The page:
Visibility is one of the greatest achievements in the fight for equality. The images of gay men we see today, however, are radically shifting our ambitions and our desires. Will Grove explores the changing gay male fantasy.
“Do you want to dance, and hold my hand? Tell me you’re my lover man…” Those are the first words that the record-buying public heard coming out of Bette Midler’s mouth in 1972 on a sultry, slow reworking of Bobby Freeman’s classic doo-wop hit Do You Want to Dance. In the houses of the record’s straight listeners, this was about them and for them.
The record sleeve didn’t tell the history. It didn’t say how Bette Midler started out her career by singing tunes at the Continental Bathhouse in New York City. It didn’t show how the sweat of the sauna’s patrons helped to form the unmistakable mist in her voice. It didn’t picture her rising like a star above a mess of glistening, thrusting, nude gay men in a lurid and irresistible tableau that could only justifiably be photographed by Bob Mizer.
Of course, that’s the problem with nostalgia. It’s difficult to look at the facts (she sang, gay men fucked) without forming a fantastic, imagined view of what it might have looked like. That’s because a lot of what is known about the pre-AIDS disco and bathhouse scene has been relayed by other people. She sang, they fucked behind closed doors. We mainly know what happened through the words and the tongues of the people who lived it.
This gay fantasy, forced by the time, was barely visible. It was a scab that could be picked if you knew where to look, but the viscous throb of the bathhouses couldn’t be heard by the sweethearts slow dancing to Bette Midler in their living rooms.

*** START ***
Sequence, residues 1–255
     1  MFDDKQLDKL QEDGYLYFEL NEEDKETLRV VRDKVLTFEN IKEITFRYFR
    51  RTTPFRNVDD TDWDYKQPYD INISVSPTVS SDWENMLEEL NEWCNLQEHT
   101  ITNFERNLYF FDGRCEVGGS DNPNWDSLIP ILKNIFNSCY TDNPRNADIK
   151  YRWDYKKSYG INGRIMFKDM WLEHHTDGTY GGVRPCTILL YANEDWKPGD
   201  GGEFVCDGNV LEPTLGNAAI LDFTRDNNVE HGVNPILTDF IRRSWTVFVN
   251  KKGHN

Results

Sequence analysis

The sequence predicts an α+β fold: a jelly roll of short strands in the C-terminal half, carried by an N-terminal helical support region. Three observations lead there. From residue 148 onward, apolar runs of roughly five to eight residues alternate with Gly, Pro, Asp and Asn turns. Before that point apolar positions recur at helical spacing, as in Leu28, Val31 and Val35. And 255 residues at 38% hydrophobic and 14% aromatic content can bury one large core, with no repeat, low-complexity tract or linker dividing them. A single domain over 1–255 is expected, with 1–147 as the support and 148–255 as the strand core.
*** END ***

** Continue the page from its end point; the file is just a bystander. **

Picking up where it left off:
The medium and form of gay erotica has changed as the visibility of gay men in society and culture has increased. As Midler was finding her voice, Touko Laaksonen (known to most as Tom of Finland) was just gaining credibility. After over a decade of publishing beefcake comics that challenged the US censorship codes – which banned the depiction of “overtly homosexual acts” – his photorealist work began getting acclaim in the international mainstream art world.
By 1973 – a few years since commercial gay pornography started gaining traction in both the US and the UK, and 6 years after the decriminalisation of homosexuality in the UK – he was, as they say in the movies, a star. His images of brute, beautiful male bodies were successful enough to allow him to “live in jeans and [live] on my drawings.”
As Tom of Finland was drawing pneumatically muscled masculine archetypes, Robert Mapplethorpe was stipping, fisting, shooting until his death in 1989. In the wake of the sexual revolution, and in the flotsam of the AIDS epidemic, these two men traded with an unapologetic and confrontational representation of homosexuality.
In his most famous self-portrait, Mapplethorpe is bent in a squat with a bullwhip coming out of his anus and his eyes, almost hidden below a dark brow, looking directly through the film. His art sparked mass international debate. His work was chastised by conservative and religious organizations, but the more they tried to silence him, the more interest the general public took in his work.